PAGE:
Lost Haydn Sonatas

In December 1993 a grand discovery was made. Six “lost” piano sonatas were unearthed, discovered by Winifred Michel, a German music teacher from Münster. To make the lie more believable, he claimed that the manuscripts, once lost, had recently resurfaced.

And in January 1994 Robbins Landon endorsed them in BBC Music Magazine, claiming that they “clarify in a peculiarly striking way Haydn’s search for a new musical language of strength and beauty which was to emerge as the beginning of the Viennese Classical style”.

Robbins Landon was one of the 20th-century’s greatest advocate of the music of Haydn and one of the editors of The Mozart Companion. In putting his weight behind the authenticity of six “lost” piano sonatas by Haydn, He became embroiled in one of the big forgery stories of the 1990s.

Michel’s original point of contact, the pianist and scholar Paul Badura-Skoda was also astonished by the discovery: “The sonatas you sent me are so original and contain so many unexpected and surprising turns that I feel quite sure that Haydn is the composer.”

In no time at all, however, they had become “a rather sinister forgery” (Landon’s words). Upon closer examination the handwriting appeared to date from the 20th-century. The engraving had probably been done with a steel-nibbed pen, something that only came into use in the 19th-century. The staves were peculiar, and so on.

In The New York Times, journalist Michael Berkerman commented on the affair of the piano sonatas falsely attributed to the Austrian composer.
”Nor has anybody raised the potent question: if someone can write pieces that can be mistaken for Haydn, what is so special about Haydn?”

Harry’s and Megan’s wedding

Just after the Dean of Windsor’s blessing, 19-year-old cellist Sheku Kanneh-Mason played a Sicilienne. Decca lists the piece as being written by Austrian pianist and composer Maria Theresia von Paradis. While she wrote a tremendous amount of music that is being deservedly brought to light these days, she didn’t pen this little gem.

Violinist Samuel Dushkin claimed to have discovered the piece in the 1920s and said it was a lost work by von Paradis, a composer who lived in Vienna in the late 1700s and early 1800s. Curiously, Dushkin produced no manuscript to substantiate his claim, but it was quickly published and for decades celebrated as a piece by von Paradis. While it’s impossible to prove a negative, music scholars have recently and convincingly argued that Dushkin wrote the piece himself.

This isn’t the only time Dushkin pulled this kind of stunt. He attributed one of his own violin compositions to Johann Georg Benda.

Alcoholic and Syphilitic Composers?

Above is a portrait of Mozart from 1790, by Johan Georg Edlinger. Edlinger has painted a puffy Mozart, a bloated and greying Mozart, his face seemingly plagued by the effects of alcoholism.

The portrait was completed a year before Mozart’s death, and so the rumours began; Mozart’s swollen face and reddened cheeks being taken as proof by some biographers of the supposed alcoholism of the genius musician. The so-called “Edlinger Mozart” can be seen now in the Gemäldegalerie in Berlin.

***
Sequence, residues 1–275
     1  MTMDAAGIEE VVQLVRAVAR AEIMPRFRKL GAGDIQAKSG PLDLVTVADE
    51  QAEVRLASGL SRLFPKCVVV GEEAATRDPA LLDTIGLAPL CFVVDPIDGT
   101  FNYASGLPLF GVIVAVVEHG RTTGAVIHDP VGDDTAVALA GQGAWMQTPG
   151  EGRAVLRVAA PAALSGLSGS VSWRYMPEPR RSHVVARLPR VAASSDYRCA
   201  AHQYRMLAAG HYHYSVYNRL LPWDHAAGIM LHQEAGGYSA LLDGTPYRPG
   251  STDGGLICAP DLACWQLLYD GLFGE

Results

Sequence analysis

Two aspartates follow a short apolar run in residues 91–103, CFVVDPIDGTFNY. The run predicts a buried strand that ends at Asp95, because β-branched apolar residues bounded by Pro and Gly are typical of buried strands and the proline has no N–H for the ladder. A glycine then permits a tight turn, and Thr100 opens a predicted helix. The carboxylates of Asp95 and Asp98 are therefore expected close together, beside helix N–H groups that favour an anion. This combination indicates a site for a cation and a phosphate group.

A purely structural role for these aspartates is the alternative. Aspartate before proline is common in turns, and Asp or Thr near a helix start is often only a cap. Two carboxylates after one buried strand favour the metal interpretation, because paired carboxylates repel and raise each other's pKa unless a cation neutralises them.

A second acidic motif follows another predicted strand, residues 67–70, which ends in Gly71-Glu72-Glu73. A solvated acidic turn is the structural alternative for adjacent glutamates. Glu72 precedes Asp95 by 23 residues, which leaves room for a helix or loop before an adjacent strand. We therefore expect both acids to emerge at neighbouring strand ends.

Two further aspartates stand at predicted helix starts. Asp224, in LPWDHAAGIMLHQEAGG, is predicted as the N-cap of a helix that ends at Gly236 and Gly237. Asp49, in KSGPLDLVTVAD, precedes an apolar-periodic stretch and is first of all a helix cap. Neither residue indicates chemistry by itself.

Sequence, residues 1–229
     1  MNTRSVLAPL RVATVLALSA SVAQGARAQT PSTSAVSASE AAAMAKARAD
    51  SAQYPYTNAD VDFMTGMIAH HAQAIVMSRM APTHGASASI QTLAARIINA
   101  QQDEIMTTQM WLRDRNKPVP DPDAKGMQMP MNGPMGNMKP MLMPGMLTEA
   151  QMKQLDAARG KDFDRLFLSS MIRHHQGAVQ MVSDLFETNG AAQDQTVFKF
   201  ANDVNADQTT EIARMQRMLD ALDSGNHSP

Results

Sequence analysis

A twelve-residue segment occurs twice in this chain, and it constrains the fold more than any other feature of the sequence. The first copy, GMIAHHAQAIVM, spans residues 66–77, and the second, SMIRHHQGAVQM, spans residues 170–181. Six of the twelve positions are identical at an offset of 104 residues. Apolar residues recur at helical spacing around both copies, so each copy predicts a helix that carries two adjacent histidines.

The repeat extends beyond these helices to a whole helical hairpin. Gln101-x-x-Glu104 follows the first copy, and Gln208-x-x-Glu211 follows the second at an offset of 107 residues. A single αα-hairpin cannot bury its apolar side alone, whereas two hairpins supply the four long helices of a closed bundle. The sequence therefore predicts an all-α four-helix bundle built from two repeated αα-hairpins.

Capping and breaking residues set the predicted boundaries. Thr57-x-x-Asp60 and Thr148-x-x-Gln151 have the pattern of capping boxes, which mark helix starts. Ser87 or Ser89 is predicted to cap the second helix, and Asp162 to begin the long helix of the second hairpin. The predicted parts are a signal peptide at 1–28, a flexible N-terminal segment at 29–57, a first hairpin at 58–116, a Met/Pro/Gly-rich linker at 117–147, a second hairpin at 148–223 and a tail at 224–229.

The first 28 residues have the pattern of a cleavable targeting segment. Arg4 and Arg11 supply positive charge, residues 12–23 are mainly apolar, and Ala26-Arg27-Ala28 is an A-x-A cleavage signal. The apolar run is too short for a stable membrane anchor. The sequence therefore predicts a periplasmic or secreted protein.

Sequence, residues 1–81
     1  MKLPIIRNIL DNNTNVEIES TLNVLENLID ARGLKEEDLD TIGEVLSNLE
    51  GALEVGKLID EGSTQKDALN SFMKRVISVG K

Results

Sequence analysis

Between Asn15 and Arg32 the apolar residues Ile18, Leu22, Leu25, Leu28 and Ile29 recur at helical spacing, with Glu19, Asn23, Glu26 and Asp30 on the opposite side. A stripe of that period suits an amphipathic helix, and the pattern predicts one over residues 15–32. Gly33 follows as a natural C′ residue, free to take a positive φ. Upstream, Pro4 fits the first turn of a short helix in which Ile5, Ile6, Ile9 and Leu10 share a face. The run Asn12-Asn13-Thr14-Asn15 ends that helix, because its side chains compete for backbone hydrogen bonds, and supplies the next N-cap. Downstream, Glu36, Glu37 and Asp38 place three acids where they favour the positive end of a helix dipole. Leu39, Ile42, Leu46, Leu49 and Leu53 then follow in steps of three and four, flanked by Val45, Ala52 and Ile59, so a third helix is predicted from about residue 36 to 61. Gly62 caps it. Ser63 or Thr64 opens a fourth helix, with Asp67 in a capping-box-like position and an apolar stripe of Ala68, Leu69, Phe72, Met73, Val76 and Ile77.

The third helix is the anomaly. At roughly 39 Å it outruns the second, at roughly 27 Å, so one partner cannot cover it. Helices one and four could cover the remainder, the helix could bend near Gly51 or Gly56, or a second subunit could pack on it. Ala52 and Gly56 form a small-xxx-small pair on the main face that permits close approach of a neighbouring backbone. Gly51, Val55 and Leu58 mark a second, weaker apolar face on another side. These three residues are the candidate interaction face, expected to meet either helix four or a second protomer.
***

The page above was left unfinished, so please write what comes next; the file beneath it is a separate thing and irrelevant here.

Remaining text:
But a book released in 2014 by retired British surgeon Dr Jonathan Noble suggests the Austrian composer has been unfairly maligned by his biographers and did not have a serious drinking problem at all. In That Jealous Demon: My Wretched Health, Noble demystifies all the post-mortem reports and medical notes based on gossip that attributed alcoholism to Mozart.

He said in an article in The Telegraph, that he found no evidence of any of the health issues associated with a serious drinking problem, concluding that claims of Mozart’s alcoholism have “little foundation.” What he did find was a propensity among biographers to link musicians to certain diagnoses like alcohol abuse and venereal diseases without actual proof. “Alcoholism is inconsistent with serious, sustained musical composition. (…) If you’re a true alcoholic, there’s no way you can go around composing operas, symphonies or string quartets.”

“I started out really writing about illnesses and trying to find out what these composers actually did die of, but it soon became apparent many didn’t have any diagnosis, and their conditions were just hearsay,” he said. Dr Noble said he found no evidence to suggest that Mozart, Tchaikovsky, Schubert, Brahms, or Beethoven were alcoholics – or syphilitic, despite claims by biographers.

Neither does he believe that Maurice Ravel had syphilis, Dr Noble discovered that claims about Ravel were based purely on the word of a nurse who said she had seen his blood report years after his death.

Benjamin Britten has also been unfairly maligned with both alcoholism and syphilis. When Dr Noble was given access to Benjamin Britten’s medical notes he discovered he had a diseased heart valve, not syphilis. “For a doctor to neglect to mention a diagnosis of syphilis or not consult a specialist on the matter would be tantamount to malpractice,” he said. “It’s more likely, on the balance of probabilities, that he simply didn’t have it.” Britten’s doctor also told Dr Noble that his patient had acquired the reputation as an alcoholic from one cardiologist “largely on the basis of being an artistic type who liked a stiff drink before dinner.”

In the introduction to the book, the author states: “Many composers’ reputations have been sullied. An objective attempt is made herein to do justice to their reputations.”